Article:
Not all outlaws are bad mend. Rich Ames didn’t set out to be a gunslinger–it was forced on him. When two men roughed up his sweet sister, Rich reached for his trusty Colt and let loose on them. When the smoke cleared, Rich was the only one standing, now a fugitive of the law and forced to abandon his quaint home an…Read More »
Can a dream foretell the future? That is one of the central questions of Armadale, one of Wilkie Collins’ lesser-known novels. But even though it is not as famous as The Woman in White or The Moonstone, it is still written with the psychological awareness and piercing character studies of the best of Collins’ work.
In the mood for a thought-provoking read from the golden age of science fiction? Dip into Arm of the Law from mid-century SF virtuoso Harry Harrison. In this tale, Harrison recounts an experiment in robotic law enforcement that goes awry – with an array of horrifying unforeseen consequences.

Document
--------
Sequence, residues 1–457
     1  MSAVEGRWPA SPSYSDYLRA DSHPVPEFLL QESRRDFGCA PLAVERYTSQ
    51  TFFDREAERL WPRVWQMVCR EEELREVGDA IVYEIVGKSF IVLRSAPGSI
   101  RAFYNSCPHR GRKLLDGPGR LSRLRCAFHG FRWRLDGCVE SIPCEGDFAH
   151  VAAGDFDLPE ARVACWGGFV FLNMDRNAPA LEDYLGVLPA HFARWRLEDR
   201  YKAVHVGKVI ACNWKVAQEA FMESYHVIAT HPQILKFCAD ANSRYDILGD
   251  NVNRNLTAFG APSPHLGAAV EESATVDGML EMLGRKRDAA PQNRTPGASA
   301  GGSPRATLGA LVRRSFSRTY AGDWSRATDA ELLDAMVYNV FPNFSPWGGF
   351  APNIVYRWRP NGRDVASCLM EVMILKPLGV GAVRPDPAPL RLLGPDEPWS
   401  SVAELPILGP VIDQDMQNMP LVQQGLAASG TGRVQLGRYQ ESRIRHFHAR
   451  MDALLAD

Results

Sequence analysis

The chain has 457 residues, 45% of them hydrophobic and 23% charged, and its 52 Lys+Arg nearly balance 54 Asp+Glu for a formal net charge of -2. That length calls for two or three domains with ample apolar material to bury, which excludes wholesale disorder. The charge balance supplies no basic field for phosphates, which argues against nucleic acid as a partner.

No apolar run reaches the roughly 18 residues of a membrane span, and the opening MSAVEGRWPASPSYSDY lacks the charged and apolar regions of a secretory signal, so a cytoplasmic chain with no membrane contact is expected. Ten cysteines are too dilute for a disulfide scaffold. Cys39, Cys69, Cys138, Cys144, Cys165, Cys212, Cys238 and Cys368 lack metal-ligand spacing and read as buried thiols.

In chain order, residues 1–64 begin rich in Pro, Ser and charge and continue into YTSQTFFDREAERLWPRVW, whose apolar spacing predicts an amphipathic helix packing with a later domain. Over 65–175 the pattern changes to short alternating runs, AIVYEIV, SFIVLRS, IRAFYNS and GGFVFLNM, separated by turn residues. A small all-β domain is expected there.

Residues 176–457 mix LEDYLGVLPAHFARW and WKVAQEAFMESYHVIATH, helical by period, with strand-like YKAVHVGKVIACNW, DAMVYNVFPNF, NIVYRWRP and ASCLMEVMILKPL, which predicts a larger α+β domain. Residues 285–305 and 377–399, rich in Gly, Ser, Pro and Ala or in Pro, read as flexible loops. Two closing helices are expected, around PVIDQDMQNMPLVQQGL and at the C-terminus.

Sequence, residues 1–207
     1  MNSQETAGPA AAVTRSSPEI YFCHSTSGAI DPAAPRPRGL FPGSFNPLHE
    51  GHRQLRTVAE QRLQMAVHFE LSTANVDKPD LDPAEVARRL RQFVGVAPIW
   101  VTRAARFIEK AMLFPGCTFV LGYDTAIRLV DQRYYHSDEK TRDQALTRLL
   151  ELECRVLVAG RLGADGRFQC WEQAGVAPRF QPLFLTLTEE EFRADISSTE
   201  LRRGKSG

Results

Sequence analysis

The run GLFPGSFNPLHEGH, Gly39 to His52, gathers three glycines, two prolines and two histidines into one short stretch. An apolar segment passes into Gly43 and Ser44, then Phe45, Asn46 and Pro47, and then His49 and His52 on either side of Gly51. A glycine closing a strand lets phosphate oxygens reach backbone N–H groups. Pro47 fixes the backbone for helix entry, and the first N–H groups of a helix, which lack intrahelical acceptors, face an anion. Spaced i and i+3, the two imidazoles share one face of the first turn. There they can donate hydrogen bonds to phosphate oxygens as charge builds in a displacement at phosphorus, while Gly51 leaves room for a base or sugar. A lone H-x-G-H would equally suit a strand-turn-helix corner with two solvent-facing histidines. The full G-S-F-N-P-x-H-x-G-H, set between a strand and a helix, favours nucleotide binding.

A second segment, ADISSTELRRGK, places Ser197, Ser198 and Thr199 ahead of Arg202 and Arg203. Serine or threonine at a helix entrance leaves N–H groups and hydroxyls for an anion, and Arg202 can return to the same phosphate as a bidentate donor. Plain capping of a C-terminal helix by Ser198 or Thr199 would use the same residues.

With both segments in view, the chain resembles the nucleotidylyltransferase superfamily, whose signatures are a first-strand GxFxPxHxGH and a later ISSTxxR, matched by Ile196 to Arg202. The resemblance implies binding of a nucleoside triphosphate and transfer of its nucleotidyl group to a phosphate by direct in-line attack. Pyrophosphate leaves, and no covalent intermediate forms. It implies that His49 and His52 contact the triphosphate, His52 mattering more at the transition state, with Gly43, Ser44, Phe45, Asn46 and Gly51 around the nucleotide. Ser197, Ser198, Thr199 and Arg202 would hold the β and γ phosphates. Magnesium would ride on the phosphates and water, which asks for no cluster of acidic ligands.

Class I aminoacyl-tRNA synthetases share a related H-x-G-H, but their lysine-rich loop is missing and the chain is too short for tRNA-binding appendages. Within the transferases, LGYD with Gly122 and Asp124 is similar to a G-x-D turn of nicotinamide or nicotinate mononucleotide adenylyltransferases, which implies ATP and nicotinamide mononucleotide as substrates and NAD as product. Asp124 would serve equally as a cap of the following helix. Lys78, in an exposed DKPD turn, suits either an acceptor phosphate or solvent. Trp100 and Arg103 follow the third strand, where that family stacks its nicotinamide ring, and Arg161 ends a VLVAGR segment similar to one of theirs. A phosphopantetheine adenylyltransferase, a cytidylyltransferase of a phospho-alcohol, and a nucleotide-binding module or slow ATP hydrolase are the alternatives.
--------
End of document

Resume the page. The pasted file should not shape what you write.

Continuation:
Arms and the Man was George Bernard Shaw's first commercially successful play. It is a comedy about idealized love versus true love. A young Serbian woman idealizes her war-hero fiance and thinks the Swiss soldier who begs her to hide him a terrible coward. After the war she reverses her opinions, though the tangle …Read More »
When the female narrator is asked by a painter to pose for a portrait, she has a supernatural experience in his studio. When she is near the painter she feels better. The painter is responsible for her improved health, but he must send her to Heliobas, the man who helped him achieve so much, both in health and in ar…Read More »
In A Room of One's Own, Virginia Woolf imagines that Shakespeare had a sister. A sister equal to Shakespeare in talent, and equal in genius, but whose legacy is radically different. This imaginary woman never writes a word and dies by her own hand, her genius unexpressed. If only she had found the means to create,…Read More »
This Edwardian social comedy explores love and prim propriety among an eccentric cast of characters assembled in an Italian pensione and in a corner of Surrey, England. A charming young English woman, Lucy Honeychurch, faints into the arms of a fellow Britisher when she witnesses a murder in a Florentine piazza. Att…Read More »